95 Escort: how to test EGR & PFE ?
I have a 1995 Ford Escort LX wagon, 1.9L engine automatic trans.
I'm making some tests of the EGR subsystem using the Chiltons manual et al., but I'm not sure I'm doing some of it correctly.
I"ve made some static tests of the valve itself, and it passes that.
But one dynamic test suggests bringing the engine rpm to 2000-2500rpm, and checking to see that the vacuum to the EGR rises to 4-6" Hg. Mine goes up to about 6-8" momentarily and then drops right back down to almost nothing.
Does anyone know. . . should it stay up there while the rpm is at 2500, or should it be momentary?
PFE / DPFE (Pressure Feedback Electronic)
The Chilton test of the PFE does not seem like a valid test. It requires you to remove the sensor connection and probe the voltage at PFE terminal - but then how would you get any voltage reading without any power source? I'm getting nothing, and it's a $165 part. Or it's a good test and the PFE failed totally (there are no codes set). Any other way to test this?
After I have test results I might post a question about my overall stuttering problem, that is, with the car.
My 95 wagon is also stuttering at different times. Have you replaced the fuel filter ? I have the manual trans. I am changing the filter tomorrow and will let you know if that solves the problem.....
Yes I have replaced the fuel filter to no avail. And I have good fuel pump pressure.
I've bought a Ford shop manual on Ebay and I'm waiting for it to arrive so I can be sure I've got the correct test procedures to work with.
But I'm almost certain it's the EVR (EGR vacuum control solenoid).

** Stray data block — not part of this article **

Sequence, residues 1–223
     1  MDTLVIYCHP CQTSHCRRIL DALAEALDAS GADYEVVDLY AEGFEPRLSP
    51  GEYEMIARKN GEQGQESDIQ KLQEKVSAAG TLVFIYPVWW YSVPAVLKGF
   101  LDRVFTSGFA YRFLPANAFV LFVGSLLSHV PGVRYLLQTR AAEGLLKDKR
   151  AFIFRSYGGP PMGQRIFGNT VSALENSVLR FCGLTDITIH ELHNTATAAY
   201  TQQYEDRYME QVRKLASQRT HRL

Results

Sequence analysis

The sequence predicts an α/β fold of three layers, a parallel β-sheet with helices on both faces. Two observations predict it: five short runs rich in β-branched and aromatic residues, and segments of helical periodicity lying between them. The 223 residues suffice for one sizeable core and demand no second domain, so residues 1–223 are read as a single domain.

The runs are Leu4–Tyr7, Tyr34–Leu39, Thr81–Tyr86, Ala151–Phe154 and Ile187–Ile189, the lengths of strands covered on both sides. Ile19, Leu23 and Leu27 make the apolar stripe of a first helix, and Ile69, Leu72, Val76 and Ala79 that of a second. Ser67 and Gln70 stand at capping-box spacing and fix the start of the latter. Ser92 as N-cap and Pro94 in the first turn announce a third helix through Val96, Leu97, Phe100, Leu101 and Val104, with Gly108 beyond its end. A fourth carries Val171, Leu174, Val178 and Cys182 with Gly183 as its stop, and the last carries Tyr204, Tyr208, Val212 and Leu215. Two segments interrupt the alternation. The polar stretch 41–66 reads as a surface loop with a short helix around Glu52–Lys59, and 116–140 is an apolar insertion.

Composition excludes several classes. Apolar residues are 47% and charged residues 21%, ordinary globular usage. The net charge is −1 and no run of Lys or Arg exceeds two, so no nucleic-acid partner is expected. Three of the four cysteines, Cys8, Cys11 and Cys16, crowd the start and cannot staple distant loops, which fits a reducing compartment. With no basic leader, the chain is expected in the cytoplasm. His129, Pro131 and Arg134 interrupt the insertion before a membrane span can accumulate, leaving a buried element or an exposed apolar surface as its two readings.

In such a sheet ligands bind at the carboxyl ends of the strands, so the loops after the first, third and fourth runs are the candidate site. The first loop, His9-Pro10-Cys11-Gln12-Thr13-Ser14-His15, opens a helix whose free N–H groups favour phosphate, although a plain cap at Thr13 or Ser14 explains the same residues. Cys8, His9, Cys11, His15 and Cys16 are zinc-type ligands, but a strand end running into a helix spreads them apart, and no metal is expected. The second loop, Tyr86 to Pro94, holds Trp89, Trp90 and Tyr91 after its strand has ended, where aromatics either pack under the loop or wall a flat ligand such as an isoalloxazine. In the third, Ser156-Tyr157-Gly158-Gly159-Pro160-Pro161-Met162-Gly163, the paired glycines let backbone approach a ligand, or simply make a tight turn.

My reasoning is this:
The problem only happens when the system is warm and under partial acceleration. When it's cold, or under full acceleration (floored) it doesn't happen. Warm and partial acceleration are exactly the conditions under which the EGR system functions, and cold and full acceleration are when it doesn't - the computer prevents it, as far as I know, (but I'm not the definitive expert.) Also, the fact that it doesn't hesitate when it's cold and under full acceleration tells me that it's not the injectors, nor the ignition system - there's no reason why they wouldn't cause the problem under these conditions. It's probably the EGR subsystem, although there are a few other things that can cause hesitation.
Also, that EVR solenoid controls the EGR valve by opening and closing very rapidly (dithers it) - the more time it's open the more time the vacuum to the EGR is on, and the more of that time it's closed, the more time the EGR is closed. It seems to me a part like that would wear out over time, and indeed mine did not hold vacuum as it should. It turns out the Ford parts dealer stocks this part because they sell it a lot - not because it's a bad design, but because they inherently wear with the dithering.
My EGR valve itself passes the static vacuum tests so it's not the EGR valve itself.
But I need that manual to check the PFE, so I'm waiting.
I'll post when I get more results.
ps: what's that ninertango all about? I just went to a tango party last night.
Problem solved - it wasn't EGR or PFE.
It turned out that the problem was that I had gapped the plugs about 4 or 5 thousandths too small. I also changed the spark plug wires but I'm pretty sure it was the small gap that caused the problem. Why that causes a hesitation, and only when warm, and not at full throttle, is a mystery to me. Perhaps the spark was not of sufficient high voltage with the small gap. But the solution was cheap enough.
One thing I discovered in the process was that those little circular-disk plug gapping tools are not very accurate. I checked it with a micrometer, and it was about .005 larger than stipulated.
if it stutters after going down the highway for a few minutes and you have to floor it to "clean it out", you might want to clean your maf sensor. tempos and escorts tend to do that...